8 June 2022
Torres Strait and the Gulf of Carpentaria host globally significant seagrass meadows that provide food and habitat for threatened dugong and turtle, and commercially important fish and prawns.
These areas are of profound importance to Traditional Owners. Understanding and monitoring the distribution and composition of seagrass habitat is essential to support the sustainable management of Sea Country. Little is known about how critical seagrass communities are distributed in northern Australia, however, or how they are changing. Seagrasses have not been mapped across the Gulf of Carpentaria, and the mapping for Torres Strait is out of date. Three Marine and Coastal Hub projects are expanding the knowledge base available to Traditional Owners engaged in managing seagrass habitat on Sea Country.
Mapping critical seagrass habitat in Yanyuwa Sea Country
The Yanyuwa and Marra people in the Gulf of Carpentaria care for some of the most significant seagrass habitat in the Northern Territory. Marra and li-Anthawirriyarra rangers seek to map the intertidal habitats of the Yanyuwa Indigenous Protected Area and connected coastal areas. Hub researchers provided seagrass maps critical to Sea Country planning and management. Helicopter surveys of West, South-West and Centre islands recorded vast seagrass meadows in Yanyuwa Sea Country. Preliminary surveys in adjacent Marra Sea Country identified seagrass patches in depths of 10–15 metres.
Role of dugong and turtle grazing in seagrass declines
Widespread seagrass declines in western Torres Strait are of concern to the Torres Strait Regional Authority, rangers and Traditional Owners. Seagrass meadow condition around Mabuyag Island, Orman Reefs and the Dugong Sanctuary in particular is very poor. Hub researchers set a pathway to achieving a shared understanding of the contributing role played by large grazing animals such as dugong and turtle. They established a large herbivore-exclusion cage experiment on Orman Reefs and around Mabuyag Island to monitor grazing impacts, and met with community members to discuss the research.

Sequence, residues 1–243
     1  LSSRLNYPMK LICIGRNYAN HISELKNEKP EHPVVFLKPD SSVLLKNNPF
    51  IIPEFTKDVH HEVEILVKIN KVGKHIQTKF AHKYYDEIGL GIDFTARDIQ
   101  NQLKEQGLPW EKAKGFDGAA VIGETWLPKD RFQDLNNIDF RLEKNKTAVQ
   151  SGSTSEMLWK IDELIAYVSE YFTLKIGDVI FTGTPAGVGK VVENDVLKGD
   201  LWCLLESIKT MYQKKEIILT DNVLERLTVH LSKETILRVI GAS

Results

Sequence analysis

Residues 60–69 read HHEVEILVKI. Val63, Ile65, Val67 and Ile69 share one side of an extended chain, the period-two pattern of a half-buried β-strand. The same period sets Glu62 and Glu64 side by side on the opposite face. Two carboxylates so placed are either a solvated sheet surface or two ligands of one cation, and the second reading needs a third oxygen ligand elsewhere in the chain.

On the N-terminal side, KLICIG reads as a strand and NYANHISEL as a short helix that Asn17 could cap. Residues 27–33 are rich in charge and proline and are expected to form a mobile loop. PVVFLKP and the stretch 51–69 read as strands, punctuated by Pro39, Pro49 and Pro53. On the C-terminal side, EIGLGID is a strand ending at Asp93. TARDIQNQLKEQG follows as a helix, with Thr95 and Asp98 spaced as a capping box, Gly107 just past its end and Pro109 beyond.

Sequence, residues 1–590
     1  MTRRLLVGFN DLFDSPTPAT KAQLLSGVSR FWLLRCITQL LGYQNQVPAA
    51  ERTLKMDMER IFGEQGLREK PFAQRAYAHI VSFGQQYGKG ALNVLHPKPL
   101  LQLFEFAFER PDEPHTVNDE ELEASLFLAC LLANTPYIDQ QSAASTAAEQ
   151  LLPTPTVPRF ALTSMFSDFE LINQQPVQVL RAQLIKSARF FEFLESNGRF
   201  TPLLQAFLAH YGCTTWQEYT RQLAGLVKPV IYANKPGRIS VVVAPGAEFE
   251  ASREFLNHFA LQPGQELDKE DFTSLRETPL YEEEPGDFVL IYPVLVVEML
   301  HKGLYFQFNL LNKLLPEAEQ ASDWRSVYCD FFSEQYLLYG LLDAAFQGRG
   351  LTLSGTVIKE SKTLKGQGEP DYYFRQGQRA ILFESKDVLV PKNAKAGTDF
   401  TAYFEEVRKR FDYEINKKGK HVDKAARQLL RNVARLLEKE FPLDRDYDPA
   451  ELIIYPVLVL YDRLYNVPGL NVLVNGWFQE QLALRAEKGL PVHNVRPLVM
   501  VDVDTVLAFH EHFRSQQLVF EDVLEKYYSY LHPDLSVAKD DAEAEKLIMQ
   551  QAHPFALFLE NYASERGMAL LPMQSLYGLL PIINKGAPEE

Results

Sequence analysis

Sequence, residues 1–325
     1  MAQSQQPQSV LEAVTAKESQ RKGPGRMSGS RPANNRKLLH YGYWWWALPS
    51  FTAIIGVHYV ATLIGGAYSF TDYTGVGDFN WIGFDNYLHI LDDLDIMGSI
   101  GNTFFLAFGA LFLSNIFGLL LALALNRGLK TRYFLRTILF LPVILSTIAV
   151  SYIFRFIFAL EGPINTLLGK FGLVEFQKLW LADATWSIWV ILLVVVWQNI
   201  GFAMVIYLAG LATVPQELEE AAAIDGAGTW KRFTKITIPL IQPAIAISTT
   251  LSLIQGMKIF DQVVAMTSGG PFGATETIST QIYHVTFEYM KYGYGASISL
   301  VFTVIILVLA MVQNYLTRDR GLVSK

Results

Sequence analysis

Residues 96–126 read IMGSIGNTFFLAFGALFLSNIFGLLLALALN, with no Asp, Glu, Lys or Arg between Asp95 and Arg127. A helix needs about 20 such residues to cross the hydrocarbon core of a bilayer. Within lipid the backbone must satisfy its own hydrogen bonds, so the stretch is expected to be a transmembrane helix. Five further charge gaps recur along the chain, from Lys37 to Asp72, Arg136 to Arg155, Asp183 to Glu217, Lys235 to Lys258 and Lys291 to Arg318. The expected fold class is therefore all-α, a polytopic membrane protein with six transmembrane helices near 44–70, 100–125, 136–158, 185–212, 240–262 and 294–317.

Synthesising three decades of seagrass spatial data from Torres Strait and Gulf of Carpentaria
Reliable data on seagrass distribution, composition and change is key to understanding, monitoring and managing seagrass in remote regions of northern Australia. While seagrass data have been collected since the 1980s, the datasets are disparate and largely inaccessible. Hub researchers have identified and accessed relevant datasets and are transforming these into a consistent format so that a composite map of seagrass habitat can be prepared. The map will help the Torres Strait Regional Authority and Traditional Owners manage critical seagrass habitats and culturally important dugong and turtle populations.
Discussion with Kimberley Indigenous Saltwater Advisory Group about co-research to support Dugong and Turtle Action Plan
The Indigenous Saltwater Advisory Group (ISWAG) is an Indigenous-led forum for the Kimberley region of Western Australia. A dugong and turtle action plan has been developed under the group’s Kimberley Indigenous Turtle and Dugong initiative. The Hub connected with ISWAG to explore the potential co-design and co-delivery of research to support the plan’s implementation. Hub northern node leader, Professor Damien Burrows, attended the December 2021 ISWAG conference and gave presentations about the hub and its approach to Indigenous engagement. This sparked discussions about potential future collaboration.